Donkey Kong: Cyberpunk pioneer Rudy Rucker celebrates the Democrats' return to power.
Up Against the Wall, Rudy Rucker!
Los Gatos' cyberpunk novelist on Santa Cruz surf culture, cutting edge math and cockroach love
By Gary Singh
Only Rudy Rucker would come up with the following passage: "Two to the eighty-sixth is the largest power of two that doesn't have any zeros when you write it out in decimal," said the other cockroach, who'd flopped down on his belly to goggle at Paul, still lying on his surfboard. "Lemme ask you this. What's the biggest Mersenne prime you got? I'm only asking for the lizard's sake, mind you. My name's Osckar and I'm a hierophantic logician from--whaddya, whaddya, call it Galaxy Z."
For 20 years now, Rucker has been tapping out fiction and nonfiction from Los Gatos, but his work goes all the way back to the late '70s, when along with a few other mutant futurists he originated the cyberpunk genre of science fiction. And more than a few times now, he's placed Santa Cruz in his books. He cites three reasons for this:
"Cruz makes for a good locale for my stories (a) because it has the gnarly surf--which strikes me as a key metaphor for lots of different things; (b) because the town is kind of funky and in some ways both futuristic and retro--and my futuristic SF is in some ways a retro form like rock & roll; and (c) the colorful mixture of people."
Rucker often takes trips to the beach with his wife and finds Santa Cruz to be a perfect maelstrom of oddities to work with: "There's a heady atmosphere of intellectual freedom, a blend of radical university style, stoner hedonism and a fine surfer disengagement from the bogus issues that Big Media force-feeds its unfortunate devotees."
With Mathematicians in Love (Tor Books; 368 pages; $24.95 cloth), Rucker takes what's essentially a zonked-out romantic comedy and runs it through the usual Ruckeresque loony mill. No one else can combine Santa Cruz surf culture with deep cutting-edge mathematics and parallel universes, and find some way to ridicule the Bush administration--all on the same page.
In the book, two Ph.D. candidates in mathematics are gunning for the same chick and it leads to all sorts of twisted scenarios, including a punk rock gig in downtown San Jose. And there's that ever-growing Rucker exploration of God and the gnosto-cosmic web (as above, so below), except that now it's in the form of a jellyfish. He even goes as far as to throw in the Heirophant Tarot Card, which represents the high priest, the serene, philosophical, papal teacher.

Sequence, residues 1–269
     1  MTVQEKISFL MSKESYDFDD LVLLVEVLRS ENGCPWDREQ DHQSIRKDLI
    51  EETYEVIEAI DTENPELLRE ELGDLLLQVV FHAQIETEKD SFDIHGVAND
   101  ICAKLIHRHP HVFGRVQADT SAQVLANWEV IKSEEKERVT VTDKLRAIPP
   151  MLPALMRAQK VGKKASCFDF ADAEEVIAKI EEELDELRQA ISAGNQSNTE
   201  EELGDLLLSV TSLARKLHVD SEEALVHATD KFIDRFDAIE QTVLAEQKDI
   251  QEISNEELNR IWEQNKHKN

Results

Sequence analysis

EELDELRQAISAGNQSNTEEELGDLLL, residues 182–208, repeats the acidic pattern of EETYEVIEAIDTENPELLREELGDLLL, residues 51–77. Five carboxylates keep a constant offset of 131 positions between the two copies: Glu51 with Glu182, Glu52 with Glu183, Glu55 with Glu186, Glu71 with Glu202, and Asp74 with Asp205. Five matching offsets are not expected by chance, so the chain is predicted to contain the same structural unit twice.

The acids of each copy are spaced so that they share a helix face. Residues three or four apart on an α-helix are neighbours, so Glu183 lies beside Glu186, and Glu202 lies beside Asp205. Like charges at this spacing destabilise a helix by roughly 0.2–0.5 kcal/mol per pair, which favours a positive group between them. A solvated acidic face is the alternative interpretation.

As with many of Rucker's novels, Mathematicians in Love contains eight zillion different things going on all at the same time, and it's a roller-coaster ride just to maintain the connections sometimes. It makes me think of a time back during the dotcom boom when a UNIX sys-admin once told me that there are more occultists working in the software industry than any other profession, one of the reasons being that object-oriented programming requires the same type of abstract thinking. If that's a crude simplification, so be it, but Rucker's novels seem to tread the same waters. Somehow. In Mathematicians in Love, you've got weighty math, helicopters, time warps, cone shells, punk rock, bat wings, cockroaches, Panther Beach, Sanskrit, hyperdimensional tunnels, Tarot cards and number theory. And that's just in one freakin' chapter. It's so California, you just wanna scream, Yeah! Which was always the best thing about Rucker's novels anyway: You'd find profound high-tech Silicon Valley right amid rock & roll, '60s radicalism, counterculture and the fourth dimension.
One just has to ask how he keeps track of it all. "I'm trying for nine zillion things in my next book," he says. "Cartoonists call the technique 'eyeball kicks,' meaning that it's nice to cram your frames with interesting things to look at. The Flemish masters Bosch and Bruegel were into this too. I feel like every aspect of the book might as well be interesting and mind-boggling. Why hold back? More is more."
Rudy Rucker reads on Thursday, Jan. 11, at 7:30pm at the Capitola Book Cafe, 1475 41st Ave., Capitola; 831.362.4415.
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